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Q&A with NSAA's Jay Bellar on playing high school sports during COVID-19: 'It was just a question of can we and should we'

Q&A with NSAA's Jay Bellar on playing high school sports during COVID-19: 'It was just a question of can we and should we'

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Lincoln East vs. Lincoln Southeast, 9.24

In a normal year, the stands at Seacrest Field would have been filled with fans for a game between Lincoln Southeast and Lincoln East. The coronavirus not only cut into ticket sales, but also concessions revenue used to help fund the schools' athletic teams.

Think about where high schools were a year ago with athletics.

Activity directors, coaches and superintendents were scratching together plans to let athletes back into schools for summer weightlifting programs. Nobody knew how it was going to work as the COVID-19 pandemic ramped up, but school leaders were going to great lengths to give kids access and opportunities while keeping them safe.

There also was some nervousness about what a fall sports season was going to look like or if sports like football could be played at all. Jay Bellar was fielding questions all summer, and sometimes the answers were not always there. The picture wasn't clear.

Normalcy has begun to settle in, including at the office of Bellar, the NSAA executive director.

"I had a couple superintendents calling (recently)," Bellar said. "'Jay, are you going to be sending out some regulations for the summer and for the fall,' and I said we're going back — at this point and as long as things stay the way they are — to our normal summer hours and regulations, and same with fall.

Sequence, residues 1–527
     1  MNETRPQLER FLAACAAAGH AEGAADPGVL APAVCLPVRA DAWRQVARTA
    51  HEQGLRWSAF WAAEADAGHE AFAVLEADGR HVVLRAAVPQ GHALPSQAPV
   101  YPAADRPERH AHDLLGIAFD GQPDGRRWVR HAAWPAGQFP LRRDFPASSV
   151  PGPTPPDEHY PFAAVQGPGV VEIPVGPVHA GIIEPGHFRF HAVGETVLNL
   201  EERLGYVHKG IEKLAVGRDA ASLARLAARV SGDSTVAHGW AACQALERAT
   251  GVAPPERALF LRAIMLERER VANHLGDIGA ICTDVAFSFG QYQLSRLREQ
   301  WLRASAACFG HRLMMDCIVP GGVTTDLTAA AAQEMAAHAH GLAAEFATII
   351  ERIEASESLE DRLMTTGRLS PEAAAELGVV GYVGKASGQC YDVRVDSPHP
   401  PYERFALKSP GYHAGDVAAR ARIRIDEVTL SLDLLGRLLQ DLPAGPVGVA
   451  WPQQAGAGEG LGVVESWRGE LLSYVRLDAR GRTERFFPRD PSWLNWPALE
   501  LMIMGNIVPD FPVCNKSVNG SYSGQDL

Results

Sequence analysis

"I was smiling the whole time we were talking about that."

The picture is much more clear.

While many states delayed high school sports seasons, or even canceled them, Nebraska pushed forward. Every season started on time, every state championship event was held, no state tournament was disrupted by COVID-19 and the finishing touches came in late May with the boys state golf events.

The Journal Star caught up with Bellar to reflect on what was a challenging, but rewarding, 2020-21 year for activities.

What are you going to remember most about how things were pulled off?

JB: "I think what I'll remember most is just how challenging it was, but yet the people that I got to work with, and meet with new people — the health departments and the people there that we got to talk to, and the Governor's crew — just the people that we worked this with, because quite frankly, nobody had a road map for this, so we were trying to do the best we could with what we had. Our administrators and ADs were awesome. I think what I'll remember most is just that Nebraska truly does want what's best for kids and they work together to make it happen."

How often were you talking to the health department over the course of the year?